Integrative Neuromonitoring and
Critical Care Informatics Group

Professor Thomas Heldt


Our research brings together concepts from signal processing, systems and control theory, modeling, and estimation to address questions in clinical medicine and physiology, particularly in neurocritical care. We are involved in teaching these concepts at the undergraduate, graduate, and professional level.

At the professional level, we are contributing to the MIT Professional Education program through our Short Course on

Quantitative Cardiorespiratory Physiology with Clinical Applications for Engineers
This course presents the functional anatomy, physiology, and pathophysiology of the cardiovascular and respiratory systems from an engineering perspective. The goal of the course is to enable engineers and managers from industry to understand the normal cardiorespiratory physiology at the systems level, to predict system behavior under normal operation and pathological stresses, and to understand what commonly monitored clinical signals reveal about the state of the system. Strong emphasis will be placed on describing the cardiovascular system quantitatively, drawing on physical principles and deriving models of cardiovascular and respiratory function that illuminate the organ systems’ operation.

At the undergraduate level, our students usually complete a core curriculum in signals and systems, and in quantitative physiology. The key subjects are the following four (and we are often involved in teaching them):

6.003 Signals and Systems
Presents the fundamentals of signal and system analysis. Topics include discrete-time and continuous-time signals, Fourier series and transforms, Laplace and Z transforms, and analysis of linear, time-invariant systems. Applications drawn broadly from engineering and physics, including audio and image processing, communications, and automatic control.

6.011 Introduction to Communication, Control, and Signal Processing
Examines signals, systems and inference as unifying themes in communication, control and signal processing. Topics include input-output and state-space models of linear systems driven by deterministic and random signals; time- and transform-domain representations in discrete and continuous time; group delay; state feedback and observers; probabilistic models; stochastic processes, correlation functions, power spectra, spectral factorization; least-mean square error estimation; Wiener filtering; hypothesis testing; detection; matched filters.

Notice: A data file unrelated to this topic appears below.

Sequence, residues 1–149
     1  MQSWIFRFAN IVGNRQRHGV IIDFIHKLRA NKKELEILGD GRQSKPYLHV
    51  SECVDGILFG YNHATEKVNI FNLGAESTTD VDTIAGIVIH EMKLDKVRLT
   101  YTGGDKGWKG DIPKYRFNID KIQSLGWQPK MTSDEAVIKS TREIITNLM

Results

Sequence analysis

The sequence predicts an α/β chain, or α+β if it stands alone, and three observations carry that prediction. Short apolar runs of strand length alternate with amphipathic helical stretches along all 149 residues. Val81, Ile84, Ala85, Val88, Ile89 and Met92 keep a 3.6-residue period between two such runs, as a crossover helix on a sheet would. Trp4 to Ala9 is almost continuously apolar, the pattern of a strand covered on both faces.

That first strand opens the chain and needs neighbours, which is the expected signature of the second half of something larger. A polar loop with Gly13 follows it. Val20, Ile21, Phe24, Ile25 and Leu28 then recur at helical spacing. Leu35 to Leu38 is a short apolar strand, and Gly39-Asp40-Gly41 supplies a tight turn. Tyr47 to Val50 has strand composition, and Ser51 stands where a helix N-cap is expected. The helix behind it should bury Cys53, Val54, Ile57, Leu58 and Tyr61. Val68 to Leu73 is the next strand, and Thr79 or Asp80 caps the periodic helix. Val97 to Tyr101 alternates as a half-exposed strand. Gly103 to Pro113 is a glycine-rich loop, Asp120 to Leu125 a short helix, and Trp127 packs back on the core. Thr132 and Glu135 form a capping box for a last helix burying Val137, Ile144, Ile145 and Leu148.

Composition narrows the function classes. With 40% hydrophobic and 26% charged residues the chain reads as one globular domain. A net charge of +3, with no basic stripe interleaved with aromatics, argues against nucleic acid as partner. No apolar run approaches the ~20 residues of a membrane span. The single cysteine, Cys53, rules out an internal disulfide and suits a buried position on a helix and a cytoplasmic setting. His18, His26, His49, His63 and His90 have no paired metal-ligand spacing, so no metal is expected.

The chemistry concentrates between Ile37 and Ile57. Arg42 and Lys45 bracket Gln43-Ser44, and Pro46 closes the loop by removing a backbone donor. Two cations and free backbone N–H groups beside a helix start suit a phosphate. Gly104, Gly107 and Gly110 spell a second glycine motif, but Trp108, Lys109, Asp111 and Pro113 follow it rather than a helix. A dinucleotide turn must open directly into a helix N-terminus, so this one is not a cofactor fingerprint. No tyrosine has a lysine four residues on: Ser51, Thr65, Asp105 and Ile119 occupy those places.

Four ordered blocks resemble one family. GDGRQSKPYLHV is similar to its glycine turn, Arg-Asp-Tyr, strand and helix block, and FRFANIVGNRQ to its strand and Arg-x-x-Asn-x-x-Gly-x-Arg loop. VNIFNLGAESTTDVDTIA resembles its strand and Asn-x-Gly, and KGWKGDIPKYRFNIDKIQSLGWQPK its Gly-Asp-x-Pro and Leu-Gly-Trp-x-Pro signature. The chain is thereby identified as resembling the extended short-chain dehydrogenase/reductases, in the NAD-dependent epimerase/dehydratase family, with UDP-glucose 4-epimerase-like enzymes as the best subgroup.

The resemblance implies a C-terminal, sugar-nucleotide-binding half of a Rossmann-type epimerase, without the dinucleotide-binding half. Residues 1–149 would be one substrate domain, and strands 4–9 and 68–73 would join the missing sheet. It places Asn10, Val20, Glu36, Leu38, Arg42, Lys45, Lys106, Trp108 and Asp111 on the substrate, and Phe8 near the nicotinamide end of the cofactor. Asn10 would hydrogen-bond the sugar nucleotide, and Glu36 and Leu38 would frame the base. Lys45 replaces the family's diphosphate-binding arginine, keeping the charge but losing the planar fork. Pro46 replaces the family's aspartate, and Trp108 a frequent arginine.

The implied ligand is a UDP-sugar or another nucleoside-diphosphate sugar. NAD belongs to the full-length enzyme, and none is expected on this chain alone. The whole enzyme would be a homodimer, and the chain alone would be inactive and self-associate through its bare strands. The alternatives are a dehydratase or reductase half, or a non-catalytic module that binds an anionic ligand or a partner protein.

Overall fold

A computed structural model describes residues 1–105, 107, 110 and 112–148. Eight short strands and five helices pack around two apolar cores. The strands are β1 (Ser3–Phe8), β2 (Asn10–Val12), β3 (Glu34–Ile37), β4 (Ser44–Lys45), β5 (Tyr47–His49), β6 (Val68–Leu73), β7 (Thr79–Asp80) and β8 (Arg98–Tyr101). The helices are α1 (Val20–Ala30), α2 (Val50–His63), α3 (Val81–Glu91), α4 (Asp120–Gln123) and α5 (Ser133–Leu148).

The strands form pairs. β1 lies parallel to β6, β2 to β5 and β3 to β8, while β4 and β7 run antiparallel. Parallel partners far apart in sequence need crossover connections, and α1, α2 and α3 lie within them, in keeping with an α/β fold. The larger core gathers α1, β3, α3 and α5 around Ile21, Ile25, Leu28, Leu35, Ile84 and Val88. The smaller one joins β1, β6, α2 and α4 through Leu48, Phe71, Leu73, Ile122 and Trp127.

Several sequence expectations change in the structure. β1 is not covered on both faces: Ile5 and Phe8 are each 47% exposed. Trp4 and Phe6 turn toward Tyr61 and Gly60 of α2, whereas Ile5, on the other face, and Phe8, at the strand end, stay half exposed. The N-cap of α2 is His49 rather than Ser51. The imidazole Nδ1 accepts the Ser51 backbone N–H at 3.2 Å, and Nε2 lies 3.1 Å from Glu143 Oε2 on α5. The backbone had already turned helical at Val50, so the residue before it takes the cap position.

6.021 Cellular Neurophysiology
Integrated overview of the biophysics of cells, with a focus on mass transport and electrical signal generation across the cell membrane. First half of the course focuses on  diffusion, osmosis, chemically mediated and active transport. The second half focuses on ion transport, action potential generation and propagation in electrically excitable cells. Electrical properties are interpreted via kinetic and molecular properties of single voltage-gated ion channels. Laboratory and computer exercises illustrate the concepts.

6.022 Quantitative Systems Physiology
Application of the principles of energy and mass flow to major human organ systems. Mechanisms of regulation and homeostasis. Anatomical, physiological and pathophysiological features of the cardiovascular, respiratory and renal systems. Systems, features and devices that are most illuminated by the methods of physical sciences. Laboratory work includes animal studies.

At the graduate level, a key additional subject is:

6.341 Discrete-Time Signal Processing
Representation, analysis, and design of discrete time signals and systems. Decimation, interpolation, and sampling rate conversion. Noise shaping. Flowgraph structures for DT systems. Lattice filters. Time- and frequency-domain design techniques for IIR and FIR filters. Parametric signal modeling, linear prediction, and the relation to lattice filters. Discrete Fourier transform (DFT). Computation of the DFT including FFT algorithms. Short-time Fourier analysis and relation to filter banks. Multirate techniques. Perfect reconstruction filter banks and their relation to wavelets.